Japan’s Bank Cuts: Are Low Interest Rates Really the Answer?

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Low rates in Japan and US have yet to boost economies (Toru Hanai/REUTERS)

If you can count on any central bank to cut interest rates at the drop of a hat, it’s the Bank of Japan.  On Tuesday morning, Bank of Japan surprised the world by cutting it’s already low-interest rates to effectively zero. The Japanese central bank is trying to boost its weak economy by making it cheaper for its businesses and citizens to borrow. It also hopes that the low-interest rates will cause the value of its currency, the yen, which has been rising recently, up 12% in the past six months alone, to fall. A weaker yen could boost exports by making Japanese goods cheaper to foreigners.

Low interest rates have for a while now been the accepted policy move to cure weak economies. Ever since the financial crisis, the US, too, has recently been pursuing an ultra-low-interest economy to pull us out of our money mess. And indeed, many forecasters think the US Federal Reserve will soon announce a new program to try to drive down long-term interest rates even farther. The problem is it might not work. Two years since the fall of Lehman sent the US economy into a tailspin, there is a growing amount of evidence that suggests low interest rates may not be the potent economic medicine that many economists think it is. Here’s why:

First of all, Japan has tried this before to limited success. The Bank of Japan had its interest rates set near 0% for much of the past decade, and yet its annual GDP growth hovered just about 0%. You could say that without low-interest rates Japan would have been in depression for all of that time, but low to no economic growth is not a sign of a successful policy. Japan’s economy did seem to recover in early 2009, but that was only after the country had raised interest rates and then lowered them again.

Second, the recent experience in the US suggests that low-interest rates do not necessarily have the effect economist normally expect. It is thought that low-interest rates because they make it cheaper to borrow will cause companies to borrow money to buy equipment, build plants, boost production or hire more workers. All those activities should boost the economy. In fact, that’s not what US companies are doing. They are borrowing money at ultra-low interest rates, but they are not spending that money on plants or equipment, and they are certainly not hiring. Instead they are sitting on the money. Or they are using it to retire old higher interest rate debts. Or they are buying their stock to boost their shares. And none of this appears to be boosting the economy.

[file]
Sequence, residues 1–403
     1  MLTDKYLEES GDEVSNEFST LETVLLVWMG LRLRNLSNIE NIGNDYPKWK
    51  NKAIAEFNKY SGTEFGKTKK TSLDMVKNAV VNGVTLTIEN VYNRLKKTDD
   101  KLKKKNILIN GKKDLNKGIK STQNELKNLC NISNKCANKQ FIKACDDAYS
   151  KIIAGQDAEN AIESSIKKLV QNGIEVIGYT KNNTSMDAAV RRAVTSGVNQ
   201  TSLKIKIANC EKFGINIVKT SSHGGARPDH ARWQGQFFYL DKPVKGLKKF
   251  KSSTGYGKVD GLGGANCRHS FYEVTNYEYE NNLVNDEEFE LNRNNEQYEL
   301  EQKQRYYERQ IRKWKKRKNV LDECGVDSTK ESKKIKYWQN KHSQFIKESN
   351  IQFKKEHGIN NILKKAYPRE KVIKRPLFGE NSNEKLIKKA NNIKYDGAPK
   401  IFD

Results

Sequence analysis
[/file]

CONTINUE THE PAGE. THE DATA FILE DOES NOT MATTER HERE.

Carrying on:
Lastly, the focus on low-interest rates, and the high yen, are distracting Japanese policy makers for the real problem with their economy.

The conventional wisdom in Japan is that the country needs a weak yen to help its exporters compete in international markets. But this dependence on exports is an outgrowth of outdated thinking on Japan’s economy. There is really no reason Japan should be so reliant on exports. Unlike a small, open economy like Taiwan or Singapore, exports don’t account for that much of the economy – in fact, less than 20% of GDP. The problem is that the domestic economy doesn’t contribute enough to growth.

Japan, of course, is not alone. The US is using low-interest rates to boost its economy. As it the UK, and the rest of Europe. The problem may be a relative game. If everybody’s interest rates are low, at least in the developed world, then lowering your interest rates may not be a boost but just a futile race to the bottom. A growing number of US policy makers are starting to raise questions about the benefits of our low-interest rate policy. Some have called it a dangerous gamble. The biggest problem may be one of signaling. Companies do not build plants or hire workers unless they are confident the economy will improve and people will want to buy their goods. But low-interest rates have the opposite effect, sending a signal that the economy is still weak and will be for some time. How do we get out of this chicken and egg problem? Central bankers, it seems, have yet to figure that one out.

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